Passivhaus: The dos and don’ts
[UK PASSIVHAUS CONFERENCE] Six Passivhaus experts discuss what they would and wouldn’t do again
At the UK Passivhaus Conference held yesterday (15 October) in Milton Keynes, six leading figures who have completed projects in both the UK and abroad were aked what they would and wouldn’t do again.
Dieter Herz, Herz & Lang
Don’t believe the client when they say Passivhaus is unaffordable.
John Lefever, Hastoe Housing
We [the client] would retain the architect and not novate them over to the contractor. As a client it is important not to lose the contact between ourselves and the architect, especially when doing something new, like Passivhaus.
Sally Godber, WARM
It is important to understand a client’s priorities. It is very easy to think that Passivhaus is their number one priority. But we are learning to really think about where it sits in their priority list.
Talking to planners in much more detail is something which we have learnt is very important. There is a hassle factor around energy standards associated with planning. We’re now working with planners to take what we have learnt from our own projects and develop plans to apply this nationally.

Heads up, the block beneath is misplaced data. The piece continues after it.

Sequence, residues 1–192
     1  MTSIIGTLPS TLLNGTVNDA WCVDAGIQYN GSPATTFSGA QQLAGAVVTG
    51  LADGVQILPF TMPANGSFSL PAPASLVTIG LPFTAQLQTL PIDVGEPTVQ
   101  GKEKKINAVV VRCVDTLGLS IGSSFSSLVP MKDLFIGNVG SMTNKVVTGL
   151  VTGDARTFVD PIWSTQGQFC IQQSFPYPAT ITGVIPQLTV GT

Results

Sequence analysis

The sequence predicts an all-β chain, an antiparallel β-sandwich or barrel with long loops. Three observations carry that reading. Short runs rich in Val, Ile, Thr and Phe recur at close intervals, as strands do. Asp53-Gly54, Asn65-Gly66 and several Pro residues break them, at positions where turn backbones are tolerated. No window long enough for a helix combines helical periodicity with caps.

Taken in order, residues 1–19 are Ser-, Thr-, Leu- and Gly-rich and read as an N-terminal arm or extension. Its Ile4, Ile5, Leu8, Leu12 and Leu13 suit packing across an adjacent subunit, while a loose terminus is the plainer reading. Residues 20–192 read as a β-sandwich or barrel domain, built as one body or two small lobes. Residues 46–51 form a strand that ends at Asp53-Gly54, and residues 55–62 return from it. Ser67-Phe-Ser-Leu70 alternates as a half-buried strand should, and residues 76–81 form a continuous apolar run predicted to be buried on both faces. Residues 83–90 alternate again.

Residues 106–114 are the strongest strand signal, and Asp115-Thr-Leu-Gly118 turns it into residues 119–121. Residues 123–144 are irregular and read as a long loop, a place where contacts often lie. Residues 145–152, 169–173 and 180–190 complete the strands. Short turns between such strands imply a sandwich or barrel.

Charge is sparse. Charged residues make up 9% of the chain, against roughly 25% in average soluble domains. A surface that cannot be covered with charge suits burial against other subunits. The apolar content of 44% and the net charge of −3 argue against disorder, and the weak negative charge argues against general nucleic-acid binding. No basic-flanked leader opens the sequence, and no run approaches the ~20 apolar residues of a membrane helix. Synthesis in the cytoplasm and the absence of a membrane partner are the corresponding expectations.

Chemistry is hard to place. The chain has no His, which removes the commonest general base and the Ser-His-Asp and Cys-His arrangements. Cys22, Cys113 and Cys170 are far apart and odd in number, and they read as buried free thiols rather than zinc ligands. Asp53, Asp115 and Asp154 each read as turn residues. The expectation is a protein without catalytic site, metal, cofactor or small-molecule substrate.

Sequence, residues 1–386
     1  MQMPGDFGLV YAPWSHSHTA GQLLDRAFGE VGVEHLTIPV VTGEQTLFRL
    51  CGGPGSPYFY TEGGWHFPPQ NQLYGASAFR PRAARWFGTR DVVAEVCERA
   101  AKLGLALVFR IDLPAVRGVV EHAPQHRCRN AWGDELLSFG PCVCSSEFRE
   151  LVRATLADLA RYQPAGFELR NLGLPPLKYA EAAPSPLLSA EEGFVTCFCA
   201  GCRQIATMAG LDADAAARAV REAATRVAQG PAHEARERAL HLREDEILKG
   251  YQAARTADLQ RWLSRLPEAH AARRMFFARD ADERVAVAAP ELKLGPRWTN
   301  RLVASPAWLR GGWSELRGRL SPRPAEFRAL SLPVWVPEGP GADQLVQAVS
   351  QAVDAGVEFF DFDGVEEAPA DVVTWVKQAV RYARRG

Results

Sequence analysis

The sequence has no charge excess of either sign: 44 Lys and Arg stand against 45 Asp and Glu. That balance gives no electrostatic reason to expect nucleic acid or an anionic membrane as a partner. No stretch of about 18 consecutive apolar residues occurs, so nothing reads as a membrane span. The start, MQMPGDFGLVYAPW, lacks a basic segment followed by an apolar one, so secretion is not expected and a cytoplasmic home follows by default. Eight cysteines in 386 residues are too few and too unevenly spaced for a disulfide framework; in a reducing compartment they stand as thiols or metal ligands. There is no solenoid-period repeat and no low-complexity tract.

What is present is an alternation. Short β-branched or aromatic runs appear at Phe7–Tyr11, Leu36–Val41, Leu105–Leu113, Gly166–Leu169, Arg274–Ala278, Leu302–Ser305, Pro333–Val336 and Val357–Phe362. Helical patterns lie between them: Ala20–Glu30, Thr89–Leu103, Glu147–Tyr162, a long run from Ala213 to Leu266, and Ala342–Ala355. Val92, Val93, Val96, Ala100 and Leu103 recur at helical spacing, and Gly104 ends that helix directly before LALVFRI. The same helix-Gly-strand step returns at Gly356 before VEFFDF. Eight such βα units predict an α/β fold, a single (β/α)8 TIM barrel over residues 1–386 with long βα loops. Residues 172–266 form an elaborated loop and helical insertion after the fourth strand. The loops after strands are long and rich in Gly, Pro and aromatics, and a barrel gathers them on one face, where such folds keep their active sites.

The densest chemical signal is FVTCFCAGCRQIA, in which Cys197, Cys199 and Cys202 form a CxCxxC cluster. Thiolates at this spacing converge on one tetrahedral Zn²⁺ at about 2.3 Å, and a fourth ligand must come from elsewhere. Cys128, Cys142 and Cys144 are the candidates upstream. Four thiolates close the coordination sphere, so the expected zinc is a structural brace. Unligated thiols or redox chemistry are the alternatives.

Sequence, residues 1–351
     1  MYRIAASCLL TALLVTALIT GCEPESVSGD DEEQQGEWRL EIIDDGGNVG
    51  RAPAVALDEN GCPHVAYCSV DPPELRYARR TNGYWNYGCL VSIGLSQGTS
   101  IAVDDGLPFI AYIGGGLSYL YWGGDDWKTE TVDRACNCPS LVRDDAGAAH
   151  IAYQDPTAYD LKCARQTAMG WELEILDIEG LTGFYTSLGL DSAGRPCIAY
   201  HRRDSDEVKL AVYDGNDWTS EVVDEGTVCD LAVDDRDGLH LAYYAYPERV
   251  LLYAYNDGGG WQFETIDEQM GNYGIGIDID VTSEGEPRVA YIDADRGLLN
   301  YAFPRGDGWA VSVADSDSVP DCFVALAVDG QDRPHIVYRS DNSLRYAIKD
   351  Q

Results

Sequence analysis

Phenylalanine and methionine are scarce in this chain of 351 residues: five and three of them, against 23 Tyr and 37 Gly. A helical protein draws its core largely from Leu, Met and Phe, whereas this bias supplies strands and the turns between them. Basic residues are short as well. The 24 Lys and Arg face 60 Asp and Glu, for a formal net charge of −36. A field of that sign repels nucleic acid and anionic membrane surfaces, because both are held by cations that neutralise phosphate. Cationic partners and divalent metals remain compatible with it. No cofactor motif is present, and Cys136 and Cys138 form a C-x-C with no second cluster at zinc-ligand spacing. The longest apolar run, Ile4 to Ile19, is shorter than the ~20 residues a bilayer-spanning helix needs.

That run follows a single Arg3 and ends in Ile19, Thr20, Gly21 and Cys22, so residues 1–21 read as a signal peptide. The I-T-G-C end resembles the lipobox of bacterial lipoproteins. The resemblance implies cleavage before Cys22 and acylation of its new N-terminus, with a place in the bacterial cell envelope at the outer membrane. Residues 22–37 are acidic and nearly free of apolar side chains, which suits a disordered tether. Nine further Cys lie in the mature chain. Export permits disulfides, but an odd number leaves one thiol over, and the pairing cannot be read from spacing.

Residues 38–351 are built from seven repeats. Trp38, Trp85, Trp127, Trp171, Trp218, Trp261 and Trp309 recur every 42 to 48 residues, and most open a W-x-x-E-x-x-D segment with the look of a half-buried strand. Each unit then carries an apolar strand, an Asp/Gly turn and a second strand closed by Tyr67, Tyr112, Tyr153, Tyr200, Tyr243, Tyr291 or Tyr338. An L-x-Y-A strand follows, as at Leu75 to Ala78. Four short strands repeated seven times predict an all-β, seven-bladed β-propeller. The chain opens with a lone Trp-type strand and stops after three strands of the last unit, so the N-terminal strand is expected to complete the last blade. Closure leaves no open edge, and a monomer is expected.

Bill Butcher, Green Building Store
Don’t rush into projects too quickly - learn to say no to clients. We need longer lead times to optimise junctions and materials and to make Passivhaus more affordable.
But the big positive is that there is no way back after you have done one Passivhaus.
Mark Elton, SustainableBYdesign
I wouldn’t graduate as a certified Passivhaus designer at the beginning of a recession. It can be very frustrating trying to get projects off the drawing board and actually into construction.
The best thing about Passivhaus is the community. Everyone is so willing to share and learn from each other. This doesn’t exist in mainstream architecture.
Lucelia Rodriguez, University of Nottingham
The Nottingham House which we built as part of the Solar Decathlon was too overcomplicated. We were aiming for both Code for Sustainable Homes Level 6 and Passivhaus on a difficult site. We didn’t achieve the air tightness levels for Passivhaus certification. The design should have been simpler. But the project’s aim was to give students first hand experience of Passivhaus construction. It did really work for educating them. It was a great learning experience.